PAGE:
Ode to A Cluster Fly

Cluster-FlyFifty-nine people were slaughtered in Las Vegas on Sunday. Over 500 went to hospitals, overwhelming their services, all medical personnel were called in and they were not enough to care for the shocked and bleeding victims who witnessed the murder of friends, spouses and strangers while holding their own deaths at bay. All this done by one guy. ONE GUY. Who can wrap their heads around this stuff? I am looking from the outside-in at my own grief, I can’t hold it all. 

But hold it all I did, until it came to a single cluster fly, the kind everyone hates. There are a gazillion of them, mounds of them clinging to the outside of the window screens, crawling around while I wash the pots and pans, drawn to the warmth of my kitchen as Vermont turns its face toward winter. Cluster flies are everyone’s YUCK, they are pesty, dirty, disgusting, carry who knows what creepy diseases, they dance in your face, get stuck in your hair, did I say PESTY?  

But while I worked, I heard a repeated buzzing sound that started and then stopped. My ability to hear has changed as I get older, I can still hear a Blackburnian Warbler’s soprano trill from the top of a pine tree but not WHICH pine tree. Fellow birders turn and look to the right when a bird calls, I turn left and peer into the canopy. So when the buzzing started, I looked out the window in case Vermont Gas was up to something in preparation of their digging on our condo property tomorrow morning. I glanced at the TV to see if Jeopardy was using the sound as one of its contestant challenges. The buzzing stopped and I went back to washing the last of the pots. As I turned to wipe the counter down, it sounded again, and then from behind a tiny vase on the window sill, while the sun shot the last of its scarlet rays through the swinging mane of the willow tree, a single cluster fly spun around on its back, wings clamped, the black threads of its legs flailing, then still. A moment passed, and it buzzed again, obviously dying but also obviously not going gently into the good night.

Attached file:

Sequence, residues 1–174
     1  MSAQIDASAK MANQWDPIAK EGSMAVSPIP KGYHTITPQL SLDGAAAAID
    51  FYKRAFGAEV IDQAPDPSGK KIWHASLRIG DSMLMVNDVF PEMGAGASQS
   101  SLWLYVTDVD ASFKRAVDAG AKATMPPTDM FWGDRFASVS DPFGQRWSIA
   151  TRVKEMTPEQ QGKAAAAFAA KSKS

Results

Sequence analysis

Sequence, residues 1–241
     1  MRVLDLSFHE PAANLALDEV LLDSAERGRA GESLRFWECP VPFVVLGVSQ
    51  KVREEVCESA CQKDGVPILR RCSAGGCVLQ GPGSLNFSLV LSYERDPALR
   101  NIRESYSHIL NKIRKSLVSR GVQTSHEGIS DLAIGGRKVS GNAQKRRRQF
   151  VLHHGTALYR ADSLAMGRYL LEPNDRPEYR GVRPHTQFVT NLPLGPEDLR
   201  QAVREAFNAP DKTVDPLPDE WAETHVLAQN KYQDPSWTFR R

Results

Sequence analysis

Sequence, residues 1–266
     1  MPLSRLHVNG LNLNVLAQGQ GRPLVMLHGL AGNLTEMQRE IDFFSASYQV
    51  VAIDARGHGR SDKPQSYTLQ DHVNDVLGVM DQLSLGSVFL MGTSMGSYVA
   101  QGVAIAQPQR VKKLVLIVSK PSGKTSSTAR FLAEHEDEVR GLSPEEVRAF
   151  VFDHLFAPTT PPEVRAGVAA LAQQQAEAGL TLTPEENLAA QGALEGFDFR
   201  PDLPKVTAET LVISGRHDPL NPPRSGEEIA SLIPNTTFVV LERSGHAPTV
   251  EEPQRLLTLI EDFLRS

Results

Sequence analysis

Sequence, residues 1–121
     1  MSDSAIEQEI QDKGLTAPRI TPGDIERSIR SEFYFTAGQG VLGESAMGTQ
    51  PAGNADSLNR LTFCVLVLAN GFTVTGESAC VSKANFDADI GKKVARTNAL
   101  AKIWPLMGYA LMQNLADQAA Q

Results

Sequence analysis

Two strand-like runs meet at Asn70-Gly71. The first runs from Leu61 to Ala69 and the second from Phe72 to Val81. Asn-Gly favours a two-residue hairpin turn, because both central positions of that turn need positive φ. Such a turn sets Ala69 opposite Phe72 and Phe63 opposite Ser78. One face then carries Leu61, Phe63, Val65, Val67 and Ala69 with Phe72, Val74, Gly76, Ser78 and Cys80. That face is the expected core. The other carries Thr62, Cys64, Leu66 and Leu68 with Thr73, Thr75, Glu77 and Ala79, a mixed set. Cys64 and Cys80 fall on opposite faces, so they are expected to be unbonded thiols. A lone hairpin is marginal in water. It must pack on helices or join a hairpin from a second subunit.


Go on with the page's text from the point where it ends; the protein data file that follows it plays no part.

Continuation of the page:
At any other time, I would have knocked a weakened fly into the sink and flushed it down the drain. Pesty flies do not get the same capture and release treatment here as spiders and moths, despite some half-hearted effort on my part. 

I was about to grab a used napkin to plunk on the struggling insect when the grief of 59 slaughtered people and over 500 injured along with the anguish of the over-worked and anguished medical community overwhelmed me. Those tiny thread legs of the fly flailing on the window sill filled me with sorrow and I reached out with a moistened finger until its feet (do flies have feet?) touched the tip. It  paused as if registering what was going on in its dimming world, and then its legs organized themselves against my skin and were still, as if recording somehow that it had just touched an upside-down land instead of groping in the vapors. One leg moved, and then another and another, exploring its incredible luck at finding itself a chance to survive after its ordeal behind the flower vase. I swear I felt it pat around the tip of my finger, it seemed to perk up, have hope, that its world was not ending just yet, its life and its death were being acknowledged. I swear an energy passed between us but don’t tell anyone that I shared my human soul with a cluster fly, that is the stuff of Crazy. But it stirred something in me, enough to wake the muse, my writing life, inspired by a fly. And the senseless murder of 59 people.

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One Response to Ode to A Cluster Fly

  1. Donna W. Dowd says:

    Thanks Diane! I have no other words.

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